Tinder’s Data Problem – Stores Horrifying Amount of Data on Every User’s Deepest, Darkest Secrets
We all know that everything we do online is being stored by some tech company, or several of them. But exactly how much data is being collected? While Google, Microsoft, Apple, and Facebook may be the top few names that come to mind when we think about excessive data collection, we have no clue how much is that too much data. One journalist went on an "online" journey to find out how much information Tinder was storing on her. Getting back over 800 pages of data on herself, it is mind-boggling to even think about the amount of data companies like Google must be keeping on all of us.
Tinder takes a journalist on a trip into her "hopes, fears, sexual preferences and deepest secrets"
Tinder isn't a site that you think about when you discuss that new Windows keylogging feature or Apple trying to use Differential Privacy to amass more data. It is just a place to meet new people. But, in trying to meet new people we might be sharing a lot of information without even thinking twice and revealing more about us than anywhere else.
It is an app made on the basis of a good first impression, after all. But, are we sharing a little too much, a little too personal to make that good impression?
Judith Duportail wrote a piece in The Guardian that gives only a tiny glimpse of how much data we have in the cyberspace that is enough to clone us in some future bot-world.
"As I flicked through page after page of my data I felt guilty. I was amazed by how much information I was voluntarily disclosing: from locations, interests and jobs, to pictures, music tastes and what I liked to eat."
Imagine someone hacking into Tinder and releasing all that information... All of your messages, the type of people you prefer, the color of people you most dated, the food you like to eat, and much much more!
"Some 800 pages came back containing information such as my Facebook “likes”, my photos from Instagram (even after I deleted the associated account), my education, the age-rank of men I was interested in, how many times I connected, when and where every online conversation with every single one of my matches happened … the list goes on.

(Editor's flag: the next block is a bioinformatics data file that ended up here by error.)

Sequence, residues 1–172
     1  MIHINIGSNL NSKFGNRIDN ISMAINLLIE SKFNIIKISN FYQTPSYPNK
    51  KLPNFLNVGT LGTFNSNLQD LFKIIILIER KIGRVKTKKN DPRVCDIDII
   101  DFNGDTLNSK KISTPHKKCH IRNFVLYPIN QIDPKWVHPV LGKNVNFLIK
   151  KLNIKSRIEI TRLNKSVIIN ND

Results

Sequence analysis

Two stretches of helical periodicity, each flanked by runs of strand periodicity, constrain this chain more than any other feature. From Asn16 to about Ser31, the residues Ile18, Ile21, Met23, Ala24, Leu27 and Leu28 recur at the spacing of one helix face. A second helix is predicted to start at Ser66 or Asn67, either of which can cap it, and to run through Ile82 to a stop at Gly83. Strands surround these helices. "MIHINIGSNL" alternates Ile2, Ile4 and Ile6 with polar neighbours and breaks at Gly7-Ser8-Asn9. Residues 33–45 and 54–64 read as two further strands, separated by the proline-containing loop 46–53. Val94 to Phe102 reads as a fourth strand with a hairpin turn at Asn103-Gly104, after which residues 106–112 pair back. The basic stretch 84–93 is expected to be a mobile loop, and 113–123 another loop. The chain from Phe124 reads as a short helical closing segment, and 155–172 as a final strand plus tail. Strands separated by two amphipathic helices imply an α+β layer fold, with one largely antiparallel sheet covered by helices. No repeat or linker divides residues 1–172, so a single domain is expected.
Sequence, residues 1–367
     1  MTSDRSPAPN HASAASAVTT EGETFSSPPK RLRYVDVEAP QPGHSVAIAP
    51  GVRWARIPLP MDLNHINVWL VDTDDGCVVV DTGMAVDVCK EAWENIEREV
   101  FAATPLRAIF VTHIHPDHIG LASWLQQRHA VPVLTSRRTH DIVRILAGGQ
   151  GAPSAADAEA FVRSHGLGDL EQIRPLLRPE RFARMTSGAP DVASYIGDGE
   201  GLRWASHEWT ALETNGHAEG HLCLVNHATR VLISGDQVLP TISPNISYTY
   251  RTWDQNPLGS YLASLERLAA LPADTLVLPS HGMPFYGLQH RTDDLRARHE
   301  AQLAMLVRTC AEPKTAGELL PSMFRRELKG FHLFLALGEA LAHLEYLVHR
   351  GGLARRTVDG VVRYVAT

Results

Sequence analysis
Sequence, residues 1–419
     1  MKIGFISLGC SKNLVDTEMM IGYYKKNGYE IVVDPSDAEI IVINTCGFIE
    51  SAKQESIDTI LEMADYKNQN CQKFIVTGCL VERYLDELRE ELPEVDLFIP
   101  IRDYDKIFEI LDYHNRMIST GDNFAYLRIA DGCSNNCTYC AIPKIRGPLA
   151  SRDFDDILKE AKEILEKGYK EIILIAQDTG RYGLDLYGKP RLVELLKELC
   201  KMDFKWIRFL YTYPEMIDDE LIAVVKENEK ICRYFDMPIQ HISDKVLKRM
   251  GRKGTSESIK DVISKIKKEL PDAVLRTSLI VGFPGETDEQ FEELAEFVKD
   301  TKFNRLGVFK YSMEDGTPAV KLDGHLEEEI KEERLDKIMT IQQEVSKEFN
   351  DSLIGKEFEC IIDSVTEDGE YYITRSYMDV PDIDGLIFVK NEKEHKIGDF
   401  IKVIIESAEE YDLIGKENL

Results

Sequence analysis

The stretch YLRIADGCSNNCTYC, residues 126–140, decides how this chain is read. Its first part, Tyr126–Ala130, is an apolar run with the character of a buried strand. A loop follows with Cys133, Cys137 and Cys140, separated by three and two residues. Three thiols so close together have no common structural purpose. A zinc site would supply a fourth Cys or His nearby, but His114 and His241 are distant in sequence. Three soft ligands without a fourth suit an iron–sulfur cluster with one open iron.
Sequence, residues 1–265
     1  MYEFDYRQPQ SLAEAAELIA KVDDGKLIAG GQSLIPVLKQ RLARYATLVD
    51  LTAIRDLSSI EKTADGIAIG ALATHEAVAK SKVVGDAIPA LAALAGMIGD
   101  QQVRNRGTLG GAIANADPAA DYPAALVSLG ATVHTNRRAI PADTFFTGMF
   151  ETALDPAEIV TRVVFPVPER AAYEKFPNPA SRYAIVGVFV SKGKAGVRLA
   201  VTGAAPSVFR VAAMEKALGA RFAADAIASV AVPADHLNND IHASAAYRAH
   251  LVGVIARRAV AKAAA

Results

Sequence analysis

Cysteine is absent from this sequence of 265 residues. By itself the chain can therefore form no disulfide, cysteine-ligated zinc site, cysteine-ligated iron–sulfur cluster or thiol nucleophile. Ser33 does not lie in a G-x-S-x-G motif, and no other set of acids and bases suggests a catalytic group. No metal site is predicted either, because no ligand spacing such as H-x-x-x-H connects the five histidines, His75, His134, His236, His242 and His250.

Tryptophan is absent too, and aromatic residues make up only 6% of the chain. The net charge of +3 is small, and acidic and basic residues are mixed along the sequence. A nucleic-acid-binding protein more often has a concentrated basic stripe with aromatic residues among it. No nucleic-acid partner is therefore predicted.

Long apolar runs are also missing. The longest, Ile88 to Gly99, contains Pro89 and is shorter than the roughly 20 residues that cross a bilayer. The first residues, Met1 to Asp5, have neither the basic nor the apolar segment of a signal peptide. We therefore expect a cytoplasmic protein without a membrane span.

"Reading through the 1,700 Tinder messages I’ve sent since 2013, I took a trip into my hopes, fears, sexual preferences and deepest secrets."
While she was expecting to receive a lot of data, 800 pages wasn't something that she thought she had bargained for. "Tinder knows me so well," she wrote.
"It knows the real, inglorious version of me who copy-pasted the same joke to match 567, 568, and 569; who exchanged compulsively with 16 different people simultaneously one New Year’s Day, and then ghosted 16 of them."
Europeans can demand tech companies to hand over their data
Under the EU data protection rules, European citizens can demand tech companies to hand over their data. You will need to write an email to firstname.lastname@example.org, carrying a subject line of “Subject Access Request,” and mentioning the exact list of data you want.
British citizens can also demand Tinder for data access under the Data Protection Act 1998. While having this data might shock you into stopping sharing extremely personal data on the web, it wouldn't remove the already present information from cyberspace.
Why don't we feel this horror when we are "willingly" sharing this data?
According to Luke Stark, a digital technology sociologist at Dartmouth University, Duportail felt the horror not when she was sharing this information, but after receiving it from Tinder because she was looking at this data printed on a paper. "Apps such as Tinder are taking advantage of a simple emotional phenomenon; we can’t feel data," Stark wrote. "This is why seeing everything printed strikes you. We are physical creatures. We need materiality."
But what happens when the site gets breached? It isn't an impossible thought considering even the supposedly most secure, financial companies are failing to keep their systems secure against cyberattacks. What is Tinder in front of SEC, Equifax, or... Ashley Madison?
"I can almost feel the shame I would experience," Duportail candidly wrote. "The thought that, before sending me these 800 pages, someone at Tinder might have read them already makes me cringe."
But, would this be enough to force us to use the service a little differently? Share a little less data? Be more cautious about taking the private conversations offline instead? Looking at how far we have come with an online presence based on oversharing, it'd be unlikely that we would use the internet in a different way now, regardless of how many sites get breached and how much data is dumped online.
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